The very first words uttered in Never Have I Ever on Netflix are: ‘Hey Gods, it’s Devi Vishwakumar.’
This opening scene drew me in like a moth to a flame, as a Tamil diaspora Hindu immigrant.
It was a reflection of my life as a teenager: trying to understand this ancient religion, praying with folded hands to multiple Gods – all avatars of one God – asking for guidance.
This type of representation as a South Asian woman was invaluable to me as it was otherwise non-existent.
When the show – which is based loosely on actress and writer Mindy Kaling’s teenage years – was announced in 2019, to say I was excited was an understatement. And as the first season cultivated so much discourse, I knew there would be a second.
The only other show with a South Asian female main protagonist that lasted multiple seasons was 2012’s The Mindy Project. It made me feel more empowered than ever, seeing a dark-skinned brown woman who lived her life like she was in a Richard Curtis rom-com.
Half Tamil and half Bengali, Mindy Kaling made her name in the American incarnation of The Office. Her lead role in The Mindy Project – a girl-boss doctor who made her own bold choices and encouraged young women to take control of their fertility – spoke to me.
In Never Have I Ever, which was conceived by Kaling, the casting of Canadian Tamil teenager Maitreyi Ramakrishnan as the main protagonist, Devi, thrilled me.
Maitreyi had exactly the same cultural background as me, as a diaspora Tamil via Jaffna. Plus her dad grew up in Nigeria, like I did.
I felt like I would finally get to see myself represented, even despite the fact I was pushing 40 and this show was about young adults.
On the day it was released, back in April last year, I binged the whole of season one with great interest.
I saw so many parallels to my life in Devi’s, as she navigated a culture clash and a strict, orthodox family as a rebellious and outspoken teenager. From going to religious Hindu ceremonies called poojas and wearing a paavadai thaavani (an outfit worn specifically by Tamil teenage girls that I never liked as it showed too much stomach), to eating dosas and being told off for hanging out with boys – it was all so familiar.
Some of the ‘aunties’ in the Ganesh Pooja scene even felt like they were based on ladies I once knew. Appearing sickly sweet on the outside, they’d offer backhanded compliments to bring up my shortcomings.
It’s very rare that I feel connected to a TV show in this way.
Growing up in Nigeria in West Africa, the only time I saw South Asians on TV was at the weekly Saturday afternoon song and dance-filled Hindi film matinée. Watching these always felt like a treat – they showed beautiful women wearing the clothes and accessories that my mum would often wear, although they were way too glamorous to feel realistic.
I was 12 years old when we moved to England as immigrants. A keen reader of Smash Hits magazine, I had a deep love for Madonna, A-Ha and Kylie. But I also felt an intrinsic need to find Tamil, Hindi and Malayalam cinema on DVDs, so I could watch them in my spare time.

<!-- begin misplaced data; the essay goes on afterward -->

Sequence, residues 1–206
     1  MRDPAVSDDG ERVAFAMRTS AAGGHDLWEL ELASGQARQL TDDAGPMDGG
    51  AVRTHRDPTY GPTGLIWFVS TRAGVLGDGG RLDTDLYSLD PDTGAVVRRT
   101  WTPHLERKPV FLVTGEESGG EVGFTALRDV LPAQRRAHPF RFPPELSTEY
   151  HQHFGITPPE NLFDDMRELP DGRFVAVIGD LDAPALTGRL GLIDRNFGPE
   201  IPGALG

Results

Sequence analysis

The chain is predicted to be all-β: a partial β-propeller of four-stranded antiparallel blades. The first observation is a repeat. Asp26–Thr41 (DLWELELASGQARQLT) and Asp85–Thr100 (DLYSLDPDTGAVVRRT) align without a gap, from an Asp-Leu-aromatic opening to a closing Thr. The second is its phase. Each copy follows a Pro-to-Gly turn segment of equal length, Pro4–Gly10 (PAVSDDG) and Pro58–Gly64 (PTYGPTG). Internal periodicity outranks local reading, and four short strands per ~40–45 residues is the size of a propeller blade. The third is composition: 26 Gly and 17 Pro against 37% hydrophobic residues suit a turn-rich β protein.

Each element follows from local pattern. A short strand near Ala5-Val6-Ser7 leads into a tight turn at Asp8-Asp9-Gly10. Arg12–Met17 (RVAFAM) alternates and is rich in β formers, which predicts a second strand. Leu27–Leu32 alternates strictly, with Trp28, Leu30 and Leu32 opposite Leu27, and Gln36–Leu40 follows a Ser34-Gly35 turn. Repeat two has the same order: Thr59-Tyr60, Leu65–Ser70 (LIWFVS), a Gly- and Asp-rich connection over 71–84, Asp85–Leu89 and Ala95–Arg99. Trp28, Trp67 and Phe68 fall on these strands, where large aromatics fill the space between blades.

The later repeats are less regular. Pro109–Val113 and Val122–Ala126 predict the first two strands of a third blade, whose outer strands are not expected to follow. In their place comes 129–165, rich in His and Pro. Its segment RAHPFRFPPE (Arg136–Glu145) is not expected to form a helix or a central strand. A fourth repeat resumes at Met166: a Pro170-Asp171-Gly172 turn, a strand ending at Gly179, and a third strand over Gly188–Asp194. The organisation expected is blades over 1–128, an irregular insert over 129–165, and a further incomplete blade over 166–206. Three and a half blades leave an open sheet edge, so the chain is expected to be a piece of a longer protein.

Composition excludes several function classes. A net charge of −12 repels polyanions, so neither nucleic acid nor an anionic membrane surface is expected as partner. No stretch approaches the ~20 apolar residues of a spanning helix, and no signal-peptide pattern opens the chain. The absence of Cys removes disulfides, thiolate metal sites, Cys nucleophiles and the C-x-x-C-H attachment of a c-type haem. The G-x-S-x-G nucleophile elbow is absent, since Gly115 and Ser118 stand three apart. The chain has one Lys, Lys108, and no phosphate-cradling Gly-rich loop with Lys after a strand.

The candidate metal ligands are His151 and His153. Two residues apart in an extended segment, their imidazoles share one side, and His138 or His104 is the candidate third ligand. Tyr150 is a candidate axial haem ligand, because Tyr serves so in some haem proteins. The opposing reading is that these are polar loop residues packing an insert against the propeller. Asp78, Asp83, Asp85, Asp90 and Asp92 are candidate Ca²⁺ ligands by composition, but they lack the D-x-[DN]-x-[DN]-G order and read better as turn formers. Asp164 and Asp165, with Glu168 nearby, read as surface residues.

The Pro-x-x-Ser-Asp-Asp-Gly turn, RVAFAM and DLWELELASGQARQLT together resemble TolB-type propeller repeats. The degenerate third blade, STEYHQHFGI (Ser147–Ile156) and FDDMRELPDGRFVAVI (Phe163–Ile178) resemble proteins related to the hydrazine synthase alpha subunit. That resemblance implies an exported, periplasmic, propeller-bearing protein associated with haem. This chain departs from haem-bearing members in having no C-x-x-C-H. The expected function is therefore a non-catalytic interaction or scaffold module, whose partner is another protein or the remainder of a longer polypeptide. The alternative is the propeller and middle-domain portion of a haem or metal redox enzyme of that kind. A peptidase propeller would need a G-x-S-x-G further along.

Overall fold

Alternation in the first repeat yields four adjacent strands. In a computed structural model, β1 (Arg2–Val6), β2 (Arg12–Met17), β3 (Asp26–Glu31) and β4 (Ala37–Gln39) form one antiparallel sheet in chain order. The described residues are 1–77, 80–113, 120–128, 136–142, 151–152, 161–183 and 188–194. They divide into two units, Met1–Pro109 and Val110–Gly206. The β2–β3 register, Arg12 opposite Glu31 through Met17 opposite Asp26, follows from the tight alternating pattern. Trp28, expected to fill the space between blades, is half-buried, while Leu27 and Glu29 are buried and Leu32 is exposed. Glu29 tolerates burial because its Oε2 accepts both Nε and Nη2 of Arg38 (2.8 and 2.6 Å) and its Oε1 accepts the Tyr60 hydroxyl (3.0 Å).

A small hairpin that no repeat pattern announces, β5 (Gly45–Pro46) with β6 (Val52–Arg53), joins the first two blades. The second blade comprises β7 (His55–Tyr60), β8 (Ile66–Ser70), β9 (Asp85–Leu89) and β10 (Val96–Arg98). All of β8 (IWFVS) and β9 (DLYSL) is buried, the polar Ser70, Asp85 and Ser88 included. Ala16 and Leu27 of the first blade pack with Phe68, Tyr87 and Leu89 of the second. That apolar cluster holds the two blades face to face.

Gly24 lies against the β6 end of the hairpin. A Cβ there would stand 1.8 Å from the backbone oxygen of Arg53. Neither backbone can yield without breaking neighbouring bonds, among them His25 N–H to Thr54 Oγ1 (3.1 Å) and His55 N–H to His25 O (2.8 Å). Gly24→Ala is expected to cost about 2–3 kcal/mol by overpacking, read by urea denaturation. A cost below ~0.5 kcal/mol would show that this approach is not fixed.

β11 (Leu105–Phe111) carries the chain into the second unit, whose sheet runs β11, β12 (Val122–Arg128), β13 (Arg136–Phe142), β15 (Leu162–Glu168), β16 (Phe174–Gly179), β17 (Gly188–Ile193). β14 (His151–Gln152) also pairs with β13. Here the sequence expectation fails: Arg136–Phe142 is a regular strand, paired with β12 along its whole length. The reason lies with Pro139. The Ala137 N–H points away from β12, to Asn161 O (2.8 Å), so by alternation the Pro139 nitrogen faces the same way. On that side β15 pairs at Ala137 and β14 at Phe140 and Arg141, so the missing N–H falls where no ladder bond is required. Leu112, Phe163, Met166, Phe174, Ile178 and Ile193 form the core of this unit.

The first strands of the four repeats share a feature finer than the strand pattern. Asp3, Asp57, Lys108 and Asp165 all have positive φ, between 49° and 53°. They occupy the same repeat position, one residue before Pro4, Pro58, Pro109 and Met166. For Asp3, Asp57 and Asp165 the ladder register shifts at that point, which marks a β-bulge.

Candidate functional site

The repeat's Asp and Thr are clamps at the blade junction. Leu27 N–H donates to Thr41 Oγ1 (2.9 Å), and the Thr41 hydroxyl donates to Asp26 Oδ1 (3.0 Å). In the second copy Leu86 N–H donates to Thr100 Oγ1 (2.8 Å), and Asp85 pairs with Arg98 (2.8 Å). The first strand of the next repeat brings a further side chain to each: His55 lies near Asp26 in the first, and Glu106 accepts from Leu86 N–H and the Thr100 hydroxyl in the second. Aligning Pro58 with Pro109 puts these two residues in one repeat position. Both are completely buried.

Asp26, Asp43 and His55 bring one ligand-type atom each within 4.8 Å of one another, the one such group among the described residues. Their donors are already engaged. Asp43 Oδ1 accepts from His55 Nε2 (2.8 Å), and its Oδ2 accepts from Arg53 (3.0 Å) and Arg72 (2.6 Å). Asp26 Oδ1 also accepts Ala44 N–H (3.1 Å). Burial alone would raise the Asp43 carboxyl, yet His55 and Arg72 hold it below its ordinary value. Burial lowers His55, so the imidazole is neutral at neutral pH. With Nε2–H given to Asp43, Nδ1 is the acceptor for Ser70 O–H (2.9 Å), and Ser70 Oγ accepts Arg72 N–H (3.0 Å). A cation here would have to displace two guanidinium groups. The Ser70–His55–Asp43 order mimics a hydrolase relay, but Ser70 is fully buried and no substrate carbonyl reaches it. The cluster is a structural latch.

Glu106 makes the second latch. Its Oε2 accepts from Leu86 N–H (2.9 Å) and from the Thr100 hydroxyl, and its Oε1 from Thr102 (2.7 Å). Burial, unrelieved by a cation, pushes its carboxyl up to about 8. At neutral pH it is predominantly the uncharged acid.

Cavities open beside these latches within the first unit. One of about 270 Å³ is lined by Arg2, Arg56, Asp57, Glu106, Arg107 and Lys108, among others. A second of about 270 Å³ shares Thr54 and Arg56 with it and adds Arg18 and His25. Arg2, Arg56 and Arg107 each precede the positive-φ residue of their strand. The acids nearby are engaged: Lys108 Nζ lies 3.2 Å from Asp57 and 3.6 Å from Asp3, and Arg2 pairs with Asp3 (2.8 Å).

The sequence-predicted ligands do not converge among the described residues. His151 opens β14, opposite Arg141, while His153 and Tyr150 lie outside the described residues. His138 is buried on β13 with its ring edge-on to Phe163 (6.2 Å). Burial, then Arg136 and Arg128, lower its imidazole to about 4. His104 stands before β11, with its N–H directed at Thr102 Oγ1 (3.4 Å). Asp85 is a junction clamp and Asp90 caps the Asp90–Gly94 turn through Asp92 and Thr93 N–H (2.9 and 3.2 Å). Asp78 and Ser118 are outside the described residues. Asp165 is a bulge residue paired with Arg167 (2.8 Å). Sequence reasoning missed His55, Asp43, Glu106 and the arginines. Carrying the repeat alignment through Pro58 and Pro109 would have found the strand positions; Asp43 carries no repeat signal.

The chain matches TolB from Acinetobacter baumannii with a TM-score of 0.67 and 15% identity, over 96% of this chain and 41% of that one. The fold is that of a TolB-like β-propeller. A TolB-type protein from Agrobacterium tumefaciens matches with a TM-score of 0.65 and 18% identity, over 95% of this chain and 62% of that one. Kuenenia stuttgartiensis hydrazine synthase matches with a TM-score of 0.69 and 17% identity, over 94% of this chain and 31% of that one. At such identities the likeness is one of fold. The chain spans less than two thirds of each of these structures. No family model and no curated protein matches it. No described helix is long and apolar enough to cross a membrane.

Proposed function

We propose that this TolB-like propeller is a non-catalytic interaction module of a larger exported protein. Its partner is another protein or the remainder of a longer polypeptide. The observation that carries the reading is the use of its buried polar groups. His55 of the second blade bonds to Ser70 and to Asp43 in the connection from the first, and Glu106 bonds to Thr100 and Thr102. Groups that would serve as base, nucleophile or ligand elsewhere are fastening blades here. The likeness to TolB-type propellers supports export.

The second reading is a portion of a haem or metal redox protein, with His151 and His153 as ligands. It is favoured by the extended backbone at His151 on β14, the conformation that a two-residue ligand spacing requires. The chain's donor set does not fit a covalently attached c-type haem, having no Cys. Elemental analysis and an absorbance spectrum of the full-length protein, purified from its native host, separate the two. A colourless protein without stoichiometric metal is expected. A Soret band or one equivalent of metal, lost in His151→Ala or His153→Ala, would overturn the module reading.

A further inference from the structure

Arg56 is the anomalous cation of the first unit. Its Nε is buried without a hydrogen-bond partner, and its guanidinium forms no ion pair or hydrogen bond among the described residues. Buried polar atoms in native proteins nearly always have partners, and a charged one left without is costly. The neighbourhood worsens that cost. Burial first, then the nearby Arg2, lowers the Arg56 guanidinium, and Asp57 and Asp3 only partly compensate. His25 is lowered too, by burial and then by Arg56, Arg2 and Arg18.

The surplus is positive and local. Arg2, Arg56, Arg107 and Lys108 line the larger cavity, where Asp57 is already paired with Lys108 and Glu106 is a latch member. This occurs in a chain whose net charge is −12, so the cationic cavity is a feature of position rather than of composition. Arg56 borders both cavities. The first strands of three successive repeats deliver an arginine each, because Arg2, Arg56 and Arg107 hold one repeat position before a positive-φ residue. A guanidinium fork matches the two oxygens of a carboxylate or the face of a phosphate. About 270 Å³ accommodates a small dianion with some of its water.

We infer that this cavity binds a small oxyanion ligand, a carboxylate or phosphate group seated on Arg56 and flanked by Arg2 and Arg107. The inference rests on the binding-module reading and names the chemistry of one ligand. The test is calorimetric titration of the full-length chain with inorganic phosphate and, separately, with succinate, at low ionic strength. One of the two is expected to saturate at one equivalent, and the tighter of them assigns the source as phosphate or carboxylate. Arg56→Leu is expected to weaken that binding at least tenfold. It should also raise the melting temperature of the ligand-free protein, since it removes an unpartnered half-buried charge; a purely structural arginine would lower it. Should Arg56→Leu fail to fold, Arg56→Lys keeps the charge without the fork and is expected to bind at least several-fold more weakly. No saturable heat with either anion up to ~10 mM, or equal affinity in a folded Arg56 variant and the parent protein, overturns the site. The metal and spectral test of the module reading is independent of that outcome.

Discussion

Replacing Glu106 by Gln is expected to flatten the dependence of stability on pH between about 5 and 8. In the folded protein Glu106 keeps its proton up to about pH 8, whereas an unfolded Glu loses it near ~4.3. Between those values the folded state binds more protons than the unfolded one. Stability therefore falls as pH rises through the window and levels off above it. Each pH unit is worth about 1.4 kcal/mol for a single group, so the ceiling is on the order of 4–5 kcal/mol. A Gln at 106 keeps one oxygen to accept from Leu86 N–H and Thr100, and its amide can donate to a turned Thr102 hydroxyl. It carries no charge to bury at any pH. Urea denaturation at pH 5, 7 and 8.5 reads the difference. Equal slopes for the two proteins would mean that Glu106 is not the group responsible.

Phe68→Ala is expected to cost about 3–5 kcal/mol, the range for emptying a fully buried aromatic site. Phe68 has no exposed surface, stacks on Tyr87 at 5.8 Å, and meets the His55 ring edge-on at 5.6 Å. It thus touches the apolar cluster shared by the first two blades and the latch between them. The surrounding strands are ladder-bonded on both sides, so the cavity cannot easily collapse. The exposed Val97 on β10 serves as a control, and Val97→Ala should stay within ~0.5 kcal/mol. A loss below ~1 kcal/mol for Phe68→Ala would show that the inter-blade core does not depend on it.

The only chances of seeing someone like me on British TV was when Channel 4 showed an Indian film like Shekar Kapur’s Mr India starring Anil Kapoor, or when an Asian family like The Kapoors popped up on Eastenders.
Still, I struggled to see myself reflected in these characters.
And even while Goodness Gracious Me showed people that looked like me, the stories felt removed from real-life scenarios I’d experienced.
Then, in 2011 came New Girl. Imagine my delight at the brown female character called Cece – a fashion model and independent spirit – being part of the main cast. Though she was tied to the cultural stereotype of the infamous arranged marriage, a trope we also see in Never Have I Ever, she made her own rules and did what she wanted.
So Never Have I Ever, with a South Asian female main character, was exactly the TV I craved. I recently interviewed Maitreyi Ramakrishnan and asked her about representation as Devi, and getting this type of mainstream visibility.
The 19-year-old told me, ‘There is a little bit of pressure as you want to make sure you do right by people with your platform. A character like Devi – one 15-year-old girl, with a very messy life – can’t represent everyone, and can’t possibly make everyone feel seen.
‘I never want to disrespect anyone, or make anyone feel like they’re invalid. The only truth I can live is my own, and if you can relate to that and come along for the ride, that’s awesome,’ she said.
What Maitreyi said resonated with me. South Asia is such a vast place, and every state in India has its own cultural nuances. That’s before you even start to consider the huge differences between countries like Pakistan, Bangladesh and Sri Lanka, and the diversity among the entire global diaspora who have adopted customs and traditions of the countries they live in.
There is no way that one character can speak for all South Asians – but her story will still resonate with many.
Now that season two of Never Have I Ever has hit Netflix, I can’t help but feel a glimmer of positivity about the doors that this show has opened. The first episode has already put me in binge mode.
We were always made to believe that stories about brown people do not sell. But a People’s Choice award and the audience of 40million households the show gained within four weeks of its release tell me that these narratives are universal.
Despite the skin colour of the main character, hordes of viewers have been drawn into the story, and this serves as a reminder of how similar human beings are, despite cultural differences.
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